'But no one could erase those small letters, those fly’s feet that Cadmus the Phoenician had scattered across Greece, where the wind had brought him in his quest for Europa carried off by a bull that rose from the sea.'
- Roberto Calasso, The Marriage of Cadmus and Harmony
A getaway, please. High time, yes, for an escape from reality. Winter and its gray have outstayed their welcome; now I would like some sun. A white sandy beach and some pineapple drink. Sunglasses, my big hat, and a book. My bags are packed, at least in my head. I travel, in my head too.
Palau: an island in the western Pacific Ocean. Two hundred, to be exact, with just under 21,000 inhabitants, limestone and volcanic rock. Each coated with luscious green forests, wrapped with a pristine shore, encased in a turquoise lagoon. Yes, the real world will not find me here.
A holiday in Palau would be cheap. A week in paradise, on sale: the country’s purchasing power parity is 80% lower than here. For a week, I could escape the pollution, noise, pace, problems, news, and winter, gorge myself with ripe fruits and denial that this cannot last forever.
My daydream flies me all the way to the airport. The sea is well in sight. I can almost taste the salt in the air, the pineapples, the coconuts. One last stop at Passport Control. My escape is almost complete. A bright blue stamp, a pen, one last formality: Please read, acknowledge, and sign.
‘Children of Palau, I take this pledge,
to preserve and protect your island home. Palau is the first country in the world to have a ‘green’ immigration policy.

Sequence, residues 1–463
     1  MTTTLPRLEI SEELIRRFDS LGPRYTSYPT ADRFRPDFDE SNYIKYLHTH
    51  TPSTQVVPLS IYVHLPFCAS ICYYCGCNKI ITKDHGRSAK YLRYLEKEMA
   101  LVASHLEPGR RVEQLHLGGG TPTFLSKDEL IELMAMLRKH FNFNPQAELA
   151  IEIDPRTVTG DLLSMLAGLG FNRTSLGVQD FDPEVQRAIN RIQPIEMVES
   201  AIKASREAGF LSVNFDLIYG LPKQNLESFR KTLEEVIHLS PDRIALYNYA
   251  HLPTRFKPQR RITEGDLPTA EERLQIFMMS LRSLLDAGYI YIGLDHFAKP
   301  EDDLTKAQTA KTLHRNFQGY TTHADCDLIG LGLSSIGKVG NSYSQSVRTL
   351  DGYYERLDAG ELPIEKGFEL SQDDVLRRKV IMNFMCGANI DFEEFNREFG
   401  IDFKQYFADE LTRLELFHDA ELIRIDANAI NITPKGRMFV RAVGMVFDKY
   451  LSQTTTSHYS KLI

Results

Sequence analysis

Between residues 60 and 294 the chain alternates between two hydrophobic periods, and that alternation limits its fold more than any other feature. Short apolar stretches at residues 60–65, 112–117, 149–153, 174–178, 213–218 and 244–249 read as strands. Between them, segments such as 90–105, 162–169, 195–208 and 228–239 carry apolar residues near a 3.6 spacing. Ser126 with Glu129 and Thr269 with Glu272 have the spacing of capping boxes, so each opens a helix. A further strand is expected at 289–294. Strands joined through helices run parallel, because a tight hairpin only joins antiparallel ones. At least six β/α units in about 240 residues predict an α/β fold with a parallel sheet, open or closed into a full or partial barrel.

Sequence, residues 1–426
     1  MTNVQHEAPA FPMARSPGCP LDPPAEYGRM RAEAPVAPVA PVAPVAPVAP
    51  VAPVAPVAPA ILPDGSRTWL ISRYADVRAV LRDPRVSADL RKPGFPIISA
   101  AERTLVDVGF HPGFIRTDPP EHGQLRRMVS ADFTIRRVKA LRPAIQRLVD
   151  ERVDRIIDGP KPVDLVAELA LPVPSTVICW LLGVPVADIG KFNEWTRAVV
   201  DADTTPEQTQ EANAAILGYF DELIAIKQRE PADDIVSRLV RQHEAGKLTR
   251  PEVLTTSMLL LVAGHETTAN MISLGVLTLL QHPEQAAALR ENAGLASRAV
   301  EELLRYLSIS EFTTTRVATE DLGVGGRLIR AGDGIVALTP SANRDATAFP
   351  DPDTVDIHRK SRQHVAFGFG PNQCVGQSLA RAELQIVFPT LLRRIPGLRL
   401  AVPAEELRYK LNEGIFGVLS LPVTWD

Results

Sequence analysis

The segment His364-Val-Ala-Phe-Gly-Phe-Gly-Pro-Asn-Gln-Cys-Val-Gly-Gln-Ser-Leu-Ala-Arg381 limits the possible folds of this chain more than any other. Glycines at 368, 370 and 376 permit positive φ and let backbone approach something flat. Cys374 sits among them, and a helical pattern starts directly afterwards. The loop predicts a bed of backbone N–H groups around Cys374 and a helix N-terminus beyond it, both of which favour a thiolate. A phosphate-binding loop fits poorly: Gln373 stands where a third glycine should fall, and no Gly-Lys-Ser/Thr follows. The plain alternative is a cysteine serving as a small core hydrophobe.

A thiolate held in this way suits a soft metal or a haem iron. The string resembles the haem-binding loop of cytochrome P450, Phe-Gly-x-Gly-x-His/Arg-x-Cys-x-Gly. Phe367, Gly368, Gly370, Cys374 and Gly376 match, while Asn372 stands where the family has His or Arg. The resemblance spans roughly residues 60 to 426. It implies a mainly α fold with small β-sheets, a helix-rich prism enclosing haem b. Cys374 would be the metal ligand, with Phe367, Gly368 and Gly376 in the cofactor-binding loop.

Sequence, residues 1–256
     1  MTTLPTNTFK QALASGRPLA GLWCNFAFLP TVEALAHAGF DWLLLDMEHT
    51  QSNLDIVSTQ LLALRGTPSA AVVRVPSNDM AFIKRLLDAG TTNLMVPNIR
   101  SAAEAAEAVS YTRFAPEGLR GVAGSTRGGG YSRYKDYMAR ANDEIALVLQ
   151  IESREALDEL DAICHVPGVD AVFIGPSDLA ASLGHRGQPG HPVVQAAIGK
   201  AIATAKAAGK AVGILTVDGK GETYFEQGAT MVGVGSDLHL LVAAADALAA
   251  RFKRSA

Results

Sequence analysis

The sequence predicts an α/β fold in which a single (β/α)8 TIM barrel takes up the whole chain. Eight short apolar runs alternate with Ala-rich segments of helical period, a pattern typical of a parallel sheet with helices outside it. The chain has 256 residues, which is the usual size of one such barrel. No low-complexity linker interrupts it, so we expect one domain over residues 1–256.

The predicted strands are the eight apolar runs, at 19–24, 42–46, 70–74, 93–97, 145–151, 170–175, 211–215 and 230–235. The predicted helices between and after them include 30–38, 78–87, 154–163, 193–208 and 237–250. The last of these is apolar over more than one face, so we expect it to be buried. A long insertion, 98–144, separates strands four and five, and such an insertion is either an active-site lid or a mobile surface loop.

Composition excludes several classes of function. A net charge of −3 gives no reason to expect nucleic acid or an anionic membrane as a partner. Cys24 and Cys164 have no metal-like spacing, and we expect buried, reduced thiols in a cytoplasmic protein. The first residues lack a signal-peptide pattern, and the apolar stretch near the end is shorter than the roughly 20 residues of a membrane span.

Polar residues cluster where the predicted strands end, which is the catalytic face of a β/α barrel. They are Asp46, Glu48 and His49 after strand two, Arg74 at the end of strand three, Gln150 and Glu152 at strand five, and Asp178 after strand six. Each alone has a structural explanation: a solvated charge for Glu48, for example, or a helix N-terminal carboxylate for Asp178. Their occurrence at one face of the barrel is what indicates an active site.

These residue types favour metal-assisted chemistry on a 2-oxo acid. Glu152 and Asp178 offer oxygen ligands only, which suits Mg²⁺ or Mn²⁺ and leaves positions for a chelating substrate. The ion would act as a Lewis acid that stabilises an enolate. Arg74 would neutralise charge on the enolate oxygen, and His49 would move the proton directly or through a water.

The Palauan islands have been inhabited since 1,000 B.C. The conquistadors, however, did not come across them until the 16th century. They colonized, Christianized, traded, exploited, left. Now they come as tourists, leave their Diet Cokes on the shore and take bits of coral reef as souvenirs.
These getaways fuel the country’s economy, but degrade its environment; the annual number of tourists has reached seven times the population. They snorkel and suntan, wine dine and deplete, and after high season return to the real world… forgetting that Palau, too, is real.
As are the coral reefs, ozone layer, rainforests razed to the ground. The green lands turned deserts and ice caps turned liquid and flooding of seaside towns. As were the 10,178 species gone extinct this year…
so far; that number increases by one every five minutes approximately.
Real actions have real consequences and footprints leave deep imprints on the sand. Conservation is not a novel concept; Palau has been doing it for centuries. Villages have a bul system in place: a temporary halt on all fishing, whenever the number of fish in the sea has been observed to decline. Everybody abides by the ban until marine life has replenished; everybody understands that if they do not, everybody loses.
It takes a village. Actually, it takes an entire planet. A mass movement of little changes: like reusable bottles, not plastic. Like switching off the lights and eating in season, all-you-need rather than all-you-can. Taking walks, taking in the sights, taking only photos. Buying local, authentic souvenirs. Signing a pledge that children wrote to preserve and protect what is theirs. Being grateful, being careful as I lay on the sand, soak in the air and sea they lent me.
This is it; no getaway from this earth, however far away we try to run. And I would like Palau to still be beautiful when I do go there some day.
‘Children of Palau,
and everywhere else, I accept your pledge.
I vow to tread lightly, act kindly and explore mindfully.
I shall not take what is not given.
I shall not harm what does not harm me.
and most importantly,
The only footprints I will leave are those that will wash away.’